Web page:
Readers’ Choice

Recently I was watching the Food Network’s Barefoot Contessa. Ina Garten sent her husband Jeffrey out to shop for French wine to go along with her lovely French dinner: veal chops with Roquefort butter. Jeffrey engaged in a discussion with the wine shop owner/expert about what wine to select. He was shown the pretty labels of three bottles of wine. The potential flavors and aromas were discussed, as was the region where the grape is grown…another indicator of possible quality and taste.

Jeffrey finally chose a bottle because the label’s name included the name of Ina’s favorite open market in Paris. So, to purchase wine, you narrow the field–American, French, Italian, Australian, etc.; do you want red or white, or, to be even more specific, a special grape or growing region? Do you want something that goes well with a certain type of food? Do you want something to savor, or something for fun? Do you want sweet, dry, bubbly, or smooth? Do you want something cheap, reasonably priced, or sinfully expensive? What’s the occasion? So many decision points! But when it comes down to it, buying wine is really just a gamble. When you uncork the wine (or unscrew the lid), it could be just what you had in mind…or it could taste like vinegar.

Then it struck me: buying a wine is like picking out a book to read.

Libraries (and the lamentably endangered bookstore) really offer browsers a chance to survey the offerings. You can search with deliberate intent for something specific or you can look serendipitously to find a book that calls to you. You can see and hold a book and compare it to all the other books around you. Do you want fiction, non-fiction, biography, or some familiar–or esoteric–subject? Is the print size easy on your eyes? Book jackets may set the tone. Are they plain words or stark images, colorful landscapes, line drawings, a still life, persons or objects? The jacket also may provide a blurb or summary of the text and maybe even an expert or celebrity endorsement.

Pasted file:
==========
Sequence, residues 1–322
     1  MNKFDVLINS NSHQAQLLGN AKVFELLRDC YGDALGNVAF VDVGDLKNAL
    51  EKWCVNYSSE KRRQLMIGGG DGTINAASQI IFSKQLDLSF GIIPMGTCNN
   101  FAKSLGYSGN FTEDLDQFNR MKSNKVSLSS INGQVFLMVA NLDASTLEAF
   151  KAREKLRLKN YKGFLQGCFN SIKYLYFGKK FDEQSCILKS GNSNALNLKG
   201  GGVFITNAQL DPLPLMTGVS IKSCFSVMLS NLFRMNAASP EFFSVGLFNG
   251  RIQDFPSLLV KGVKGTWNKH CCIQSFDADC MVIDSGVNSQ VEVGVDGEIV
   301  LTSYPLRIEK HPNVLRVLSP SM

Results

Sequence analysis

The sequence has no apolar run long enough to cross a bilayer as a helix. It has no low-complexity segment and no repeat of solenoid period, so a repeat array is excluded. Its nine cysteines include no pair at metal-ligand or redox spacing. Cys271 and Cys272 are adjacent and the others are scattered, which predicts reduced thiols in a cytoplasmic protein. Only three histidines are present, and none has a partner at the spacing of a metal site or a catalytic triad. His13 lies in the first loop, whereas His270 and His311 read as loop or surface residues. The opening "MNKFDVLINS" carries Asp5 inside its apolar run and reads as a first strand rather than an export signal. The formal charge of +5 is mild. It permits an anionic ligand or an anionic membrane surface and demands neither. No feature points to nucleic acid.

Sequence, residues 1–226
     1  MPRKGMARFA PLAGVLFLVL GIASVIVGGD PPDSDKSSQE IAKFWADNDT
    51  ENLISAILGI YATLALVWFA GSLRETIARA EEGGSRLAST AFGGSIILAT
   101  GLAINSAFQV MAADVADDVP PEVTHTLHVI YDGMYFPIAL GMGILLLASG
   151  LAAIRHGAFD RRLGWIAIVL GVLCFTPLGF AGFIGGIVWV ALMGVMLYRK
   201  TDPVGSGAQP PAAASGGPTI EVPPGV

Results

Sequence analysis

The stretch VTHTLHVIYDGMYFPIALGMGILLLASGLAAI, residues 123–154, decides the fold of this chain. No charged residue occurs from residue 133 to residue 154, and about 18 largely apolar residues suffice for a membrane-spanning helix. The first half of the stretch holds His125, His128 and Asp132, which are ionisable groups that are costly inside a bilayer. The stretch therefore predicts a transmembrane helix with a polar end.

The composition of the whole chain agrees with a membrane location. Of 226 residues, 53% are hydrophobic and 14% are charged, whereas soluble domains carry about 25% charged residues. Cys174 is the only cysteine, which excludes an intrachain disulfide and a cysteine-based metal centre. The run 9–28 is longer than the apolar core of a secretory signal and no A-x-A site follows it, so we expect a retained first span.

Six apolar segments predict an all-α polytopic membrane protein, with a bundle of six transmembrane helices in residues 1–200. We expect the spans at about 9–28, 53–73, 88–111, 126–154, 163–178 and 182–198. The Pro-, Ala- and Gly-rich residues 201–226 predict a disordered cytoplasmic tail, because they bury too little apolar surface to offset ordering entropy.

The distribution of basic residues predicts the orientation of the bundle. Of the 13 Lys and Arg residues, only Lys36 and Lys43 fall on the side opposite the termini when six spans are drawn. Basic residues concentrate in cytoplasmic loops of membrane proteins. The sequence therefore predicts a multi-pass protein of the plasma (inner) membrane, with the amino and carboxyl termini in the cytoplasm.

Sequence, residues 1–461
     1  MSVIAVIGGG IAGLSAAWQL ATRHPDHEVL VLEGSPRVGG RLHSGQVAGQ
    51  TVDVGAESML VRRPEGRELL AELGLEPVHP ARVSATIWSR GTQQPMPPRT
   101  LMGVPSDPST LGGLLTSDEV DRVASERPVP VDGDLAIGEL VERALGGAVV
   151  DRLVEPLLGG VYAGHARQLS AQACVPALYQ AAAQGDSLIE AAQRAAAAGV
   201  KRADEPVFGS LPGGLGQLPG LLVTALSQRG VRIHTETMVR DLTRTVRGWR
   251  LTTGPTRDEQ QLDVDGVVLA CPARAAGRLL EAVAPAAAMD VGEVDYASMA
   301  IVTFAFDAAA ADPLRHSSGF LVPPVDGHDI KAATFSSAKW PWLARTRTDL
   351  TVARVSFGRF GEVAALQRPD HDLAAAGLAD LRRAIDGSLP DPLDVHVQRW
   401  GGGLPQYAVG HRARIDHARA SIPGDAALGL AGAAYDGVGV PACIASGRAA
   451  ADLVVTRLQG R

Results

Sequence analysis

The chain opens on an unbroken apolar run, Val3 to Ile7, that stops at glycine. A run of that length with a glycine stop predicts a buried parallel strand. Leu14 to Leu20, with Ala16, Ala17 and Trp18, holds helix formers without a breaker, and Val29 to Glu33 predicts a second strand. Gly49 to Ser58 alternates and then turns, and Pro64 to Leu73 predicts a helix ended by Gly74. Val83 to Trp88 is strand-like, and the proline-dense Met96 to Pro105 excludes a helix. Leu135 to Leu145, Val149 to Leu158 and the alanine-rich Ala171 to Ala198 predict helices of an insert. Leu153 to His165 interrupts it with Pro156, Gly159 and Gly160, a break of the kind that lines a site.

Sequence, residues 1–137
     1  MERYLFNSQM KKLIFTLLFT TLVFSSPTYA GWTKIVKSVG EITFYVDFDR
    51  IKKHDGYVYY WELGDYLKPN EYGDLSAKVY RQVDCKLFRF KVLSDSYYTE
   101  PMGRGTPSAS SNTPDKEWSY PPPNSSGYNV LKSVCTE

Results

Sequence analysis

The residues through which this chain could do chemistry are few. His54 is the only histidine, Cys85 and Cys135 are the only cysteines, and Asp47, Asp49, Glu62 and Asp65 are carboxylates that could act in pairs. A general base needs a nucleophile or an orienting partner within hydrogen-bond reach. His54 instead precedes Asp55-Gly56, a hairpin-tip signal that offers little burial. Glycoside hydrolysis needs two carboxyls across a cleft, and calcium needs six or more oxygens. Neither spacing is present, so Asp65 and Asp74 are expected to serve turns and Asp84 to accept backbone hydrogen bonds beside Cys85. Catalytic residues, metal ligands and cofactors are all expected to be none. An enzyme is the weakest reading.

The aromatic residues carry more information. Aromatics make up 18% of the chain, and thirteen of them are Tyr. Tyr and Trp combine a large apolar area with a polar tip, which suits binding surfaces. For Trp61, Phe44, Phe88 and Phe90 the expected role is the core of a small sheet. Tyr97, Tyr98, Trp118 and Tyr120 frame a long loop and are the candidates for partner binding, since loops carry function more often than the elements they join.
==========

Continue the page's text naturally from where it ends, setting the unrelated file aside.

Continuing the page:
If you are in a library you may have to settle for a plain binding with no jacket information at all, especially for older, well-read books. You may look for genres you like, favorite authors, and sources for great reviews. Among the things you might hope for: quality writing, logical progression, a sense of humor, rigorous research, or an ending that makes sense. You may seek out a book that will evoke an emotion: joy, pathos, humor, peace of mind, seriousness, social conscience, action, curiosity, speculation, or intrigue. A book can make you want to learn more about information, or characters, or places, both near to home, or far, far away (sometimes even beyond reality).

Library and bookstore websites try to emulate the in-person experience. You can browse booklists, find read-alikes, explore book resources and databases like NoveList, and read professional or personal reviews. An online bookstore can track what you have purchased and suggest other titles based on that. And it’s just like selecting the wine–you don’t know what you’ll get until you try it. But here is where the online experience will never beat a library: the personal interaction with a smart, knowledgeable librarian.

A reader’s advisor in action. Original strip from Unshelved

An excellent readers’ advisory librarian can have a conversation with you and discuss your tastes and interests. They will find out what you have really liked in the past, and they will help each reader to hone in on that perfect book for a quiet weeknight or beach vacation (or class/research project!). And maybe you don’t want print, but an audio or e-book will do. Librarians promote a culture of reading, for the very young to the seasoned adult, regardless of the book’s format. If librarians don’t read a particular genre or type of book themselves, they make it their business to read and learn about books of all kinds, from classics to best-sellers. They know the reading tastes and subject interests of their colleagues who can serve as a back-up resource when they are occasionally stumped. Librarians make no value judgments about what you want to read, whether it’s for serious purposes or just for fun. The most important thing is connecting the book to the reader.

So my advice, whether you’re buying wine or just looking for something to read, is to turn to the professionals, so you don’t waste your time or money. If you are in Carnegie Library of Pittsburgh looking for a book, just “Ask A Librarian.”

–Sheila

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